Ignoring the problem with the scratches, it would be fair to say that the sharpness on offer here is pretty good. There is only a little edge enhancement visible in the transfer, which was helpful. A typical example at 85:21 shows the faint outline of edge enhancement - visible but very lightly applied. The picture looked clean of the normal grit and dirt, and where you could get a clear shot, the shadow and fine detail looked excellent. Sometimes the background got lost in the mire which was unfortunate. Grain was pretty persistent underneath it all and would have been considered a major annoyance except it was totally overshadowed. Still, it wasn't pretty when combining the two in several scenes. Noise didn't appear to be an issue for the most part, with some separation of blacks in evidence from time to time.

    The colour on this disc gives the distinct impression of being washed out. Although utilising a broad palette, there is little vibrancy in the colours on offer apart from the reds, which are over-saturated and there is some colour bleed in evidence (1:48, side of auto shed and the signage). Skin tones are also affected with slight cases of sunburn being the norm for many of the actors.

    No MPEG artefacts were visible, but may have been disguised. I'll give the transfer the benefit of the doubt on this one. There were plenty of moiré effects littered around the film, with some of them visible for periods of several seconds. 29:31 (Venetian blind) and 78:13 (Venetians in judges chamber) were the most obvious. There was also the odd incidence of aliasing, mostly minor eg: 21:02 on step, 35:24 on bumper bar, 39:23 on a fence line and generally the picture stayed together nicely. There was the odd, occasional blemish or fleck, but only the white ones were distinguishable under the scratches and they were few and far between thankfully.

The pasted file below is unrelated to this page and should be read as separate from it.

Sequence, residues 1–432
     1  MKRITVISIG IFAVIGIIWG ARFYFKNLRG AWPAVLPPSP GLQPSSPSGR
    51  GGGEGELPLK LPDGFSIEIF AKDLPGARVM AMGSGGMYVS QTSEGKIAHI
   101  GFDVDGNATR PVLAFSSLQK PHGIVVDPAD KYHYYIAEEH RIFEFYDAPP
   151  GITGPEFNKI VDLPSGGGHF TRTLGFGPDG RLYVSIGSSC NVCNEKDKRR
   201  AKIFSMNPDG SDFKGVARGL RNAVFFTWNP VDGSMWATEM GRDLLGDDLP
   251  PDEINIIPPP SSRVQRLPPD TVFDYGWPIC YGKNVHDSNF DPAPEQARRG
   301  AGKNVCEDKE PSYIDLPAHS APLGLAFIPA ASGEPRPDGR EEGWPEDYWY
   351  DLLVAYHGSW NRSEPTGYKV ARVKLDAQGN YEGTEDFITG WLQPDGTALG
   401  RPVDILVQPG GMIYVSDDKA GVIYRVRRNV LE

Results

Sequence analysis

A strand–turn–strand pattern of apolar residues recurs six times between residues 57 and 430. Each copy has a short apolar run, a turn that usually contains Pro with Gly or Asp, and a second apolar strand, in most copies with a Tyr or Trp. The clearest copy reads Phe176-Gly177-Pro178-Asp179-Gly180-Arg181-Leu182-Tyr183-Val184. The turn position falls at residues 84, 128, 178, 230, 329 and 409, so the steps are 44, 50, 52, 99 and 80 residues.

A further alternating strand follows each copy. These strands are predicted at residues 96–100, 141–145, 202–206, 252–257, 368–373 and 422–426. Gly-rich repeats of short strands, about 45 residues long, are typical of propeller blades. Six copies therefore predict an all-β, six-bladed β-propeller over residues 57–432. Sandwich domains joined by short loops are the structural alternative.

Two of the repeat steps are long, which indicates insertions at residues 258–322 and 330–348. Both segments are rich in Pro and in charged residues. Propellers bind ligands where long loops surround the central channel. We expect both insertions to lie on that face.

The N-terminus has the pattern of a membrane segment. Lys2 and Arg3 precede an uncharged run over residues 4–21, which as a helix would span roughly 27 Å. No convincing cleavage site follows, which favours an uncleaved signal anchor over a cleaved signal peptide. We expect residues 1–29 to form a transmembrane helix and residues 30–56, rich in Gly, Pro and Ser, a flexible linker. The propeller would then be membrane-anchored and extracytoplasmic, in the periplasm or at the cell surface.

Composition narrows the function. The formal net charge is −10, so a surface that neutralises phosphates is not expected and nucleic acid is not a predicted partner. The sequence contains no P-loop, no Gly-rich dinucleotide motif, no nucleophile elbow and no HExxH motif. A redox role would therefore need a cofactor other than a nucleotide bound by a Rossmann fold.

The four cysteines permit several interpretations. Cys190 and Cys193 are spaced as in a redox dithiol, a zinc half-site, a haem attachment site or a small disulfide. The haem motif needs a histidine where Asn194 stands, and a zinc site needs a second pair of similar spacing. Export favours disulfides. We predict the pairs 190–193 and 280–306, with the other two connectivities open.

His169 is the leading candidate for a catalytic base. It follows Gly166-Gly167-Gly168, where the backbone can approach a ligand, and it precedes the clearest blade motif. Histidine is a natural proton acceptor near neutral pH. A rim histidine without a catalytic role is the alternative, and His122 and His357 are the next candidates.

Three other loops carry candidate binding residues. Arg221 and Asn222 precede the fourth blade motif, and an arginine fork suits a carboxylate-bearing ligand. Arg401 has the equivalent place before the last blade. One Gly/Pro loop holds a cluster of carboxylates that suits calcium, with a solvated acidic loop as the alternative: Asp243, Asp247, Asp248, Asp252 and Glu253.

The subtitles are fairly accurate to what is being said on-screen. There is a nice selection if you are interested and they are placed about the same as usual, near the bottom of the screen. White with a black border, they are easy to read and surprisingly don't interfere with the action on-screen even though they are fairly obvious.

    The layer change occurs at 62:27 during Chapter 10. It's in a decent location when the screen is blanking but it's very noticeable because of a prolonged pause.

Video Ratings Summary
Sharpness
Shadow Detail
Colour
Grain/Pixelization
Film-To-Video Artefacts
Film Artefacts
Overall

Audio

    There is only one soundtrack available on this disc; English Dolby Digital 5.1 at the reasonable bitrate of 384 kilobits per second. The sound, for the most part is pretty much centred across the front speakers, as you'd expect, but there was some surround work to add body to the overall feel of the audio.

    Audio sync and dialogue aren't an issue with this transfer.